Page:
ERIC TURK uses the weed eater to clear away tall grass and weeds at the entrance to Meher Mount. (Photo: Margaret Magnus, May 19, 2019)
Steve Bostwick and Umakanth Umapathy gathered with Sam Ervin at Baba’s Tree to help clear the weeds and invasive plants both inside and outside of the seclusion fence. Umakanth later sent an email, “I to wanted express that I quite enjoyed a day out in the field.
“I thoroughly enjoyed being there working, though I did feel a bit sad for cutting plants even if they are weeds. Well, I do believe it’s for the greater good, and it will give way for better plants to grow. I also enjoyed the inclusive lunch atmosphere, and these are moments to be cherished.”
WEEDS & INVASIVE PLANTS are no match for this team. (Left to right) Steve Bostwick, Sam Ervin and Umakanth Umapathy do fire abatement around Baba’s Tree at Meher Mount. (Photo: Margaret Magnus, May 18, 2019)
Soon it was time to break for lunch. Everyone gathered on the Topa Topa patio to share their food potluck style while renewing the bonds that tend to form among those who volunteer at Meher Mount.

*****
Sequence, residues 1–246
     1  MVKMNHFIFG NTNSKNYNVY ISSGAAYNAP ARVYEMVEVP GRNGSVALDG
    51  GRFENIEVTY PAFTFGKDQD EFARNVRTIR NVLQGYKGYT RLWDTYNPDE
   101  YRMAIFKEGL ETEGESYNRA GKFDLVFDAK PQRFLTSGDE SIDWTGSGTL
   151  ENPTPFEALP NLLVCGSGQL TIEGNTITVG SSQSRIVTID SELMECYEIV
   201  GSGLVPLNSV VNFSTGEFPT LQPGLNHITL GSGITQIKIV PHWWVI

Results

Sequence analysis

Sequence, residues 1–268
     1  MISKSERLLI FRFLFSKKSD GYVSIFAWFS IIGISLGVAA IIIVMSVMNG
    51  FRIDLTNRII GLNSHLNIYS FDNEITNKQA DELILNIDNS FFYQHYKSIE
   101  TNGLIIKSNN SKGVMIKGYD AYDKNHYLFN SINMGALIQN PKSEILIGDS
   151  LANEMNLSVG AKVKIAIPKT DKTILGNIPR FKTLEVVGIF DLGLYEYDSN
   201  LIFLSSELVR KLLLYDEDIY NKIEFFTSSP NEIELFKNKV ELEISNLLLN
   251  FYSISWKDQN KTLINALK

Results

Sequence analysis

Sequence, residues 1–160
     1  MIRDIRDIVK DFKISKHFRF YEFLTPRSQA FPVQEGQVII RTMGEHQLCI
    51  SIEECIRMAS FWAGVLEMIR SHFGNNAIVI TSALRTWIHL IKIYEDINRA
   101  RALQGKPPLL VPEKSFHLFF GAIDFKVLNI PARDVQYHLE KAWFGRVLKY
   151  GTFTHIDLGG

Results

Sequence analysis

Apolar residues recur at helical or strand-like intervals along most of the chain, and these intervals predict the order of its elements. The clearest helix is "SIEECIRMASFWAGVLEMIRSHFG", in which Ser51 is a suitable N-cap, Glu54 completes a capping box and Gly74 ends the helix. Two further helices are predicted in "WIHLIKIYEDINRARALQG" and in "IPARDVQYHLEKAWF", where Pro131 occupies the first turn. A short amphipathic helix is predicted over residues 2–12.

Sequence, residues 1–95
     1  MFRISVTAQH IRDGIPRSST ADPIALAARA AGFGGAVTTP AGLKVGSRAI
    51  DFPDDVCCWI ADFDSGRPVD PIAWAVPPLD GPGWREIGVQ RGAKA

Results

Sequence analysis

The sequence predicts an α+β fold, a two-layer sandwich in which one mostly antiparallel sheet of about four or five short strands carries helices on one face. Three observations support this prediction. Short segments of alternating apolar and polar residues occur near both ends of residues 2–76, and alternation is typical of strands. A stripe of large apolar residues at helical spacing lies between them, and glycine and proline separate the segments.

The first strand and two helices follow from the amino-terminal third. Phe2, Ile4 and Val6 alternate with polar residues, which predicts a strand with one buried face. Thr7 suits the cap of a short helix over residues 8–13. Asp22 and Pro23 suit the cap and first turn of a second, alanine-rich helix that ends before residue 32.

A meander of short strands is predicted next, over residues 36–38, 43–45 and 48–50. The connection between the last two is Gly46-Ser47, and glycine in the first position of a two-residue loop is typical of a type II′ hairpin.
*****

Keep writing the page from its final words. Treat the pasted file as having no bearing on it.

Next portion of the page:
For the afternoon shift, a group that included Cynthia Griffin, Khushnam Crawford, Cassandra Bramucci, Susie Lemeiux, Ervin Sommerville, and Margaret Magnus gathered around the kitchen table to fold, address, and stamp 400-plus Anniversary Sahavas flyers soon to be mailed out.
FLYERS FOR THE 2019 ANNIVERSARY SAHAVAS at Meher Mount are being folded, stamped and addressed by (left to right) Khushnam Crawford, Cassandra Bramucci, and Cynthia Griffin. (Photo: Margaret Magnus, May 18, 2019)
THE FATHER-SON TEAM of James Whedon and his son Ian (in blue) work on building the A-frame structure to protect the harvested and milled wood from Baba’s Tree. (Photo: Margaret Magnus, May 28, 2019)
Meanwhile with team leader Jim Whedon, a group completed construction of an A-frame storage shed for the harvested and milled wood from Baba’s Tree.
Joining him were his son Ian Whedon, Jim’s nephew Anthony LoGalbo and his wife Heather Mabbitt, and Jim’s long-time friend Richard Griffin from Salem, MA.
Others continued with weed whacking and invasive plant removal until the day finally wound down toward everyone’s favorite part of work weekends: Saturday night dinner.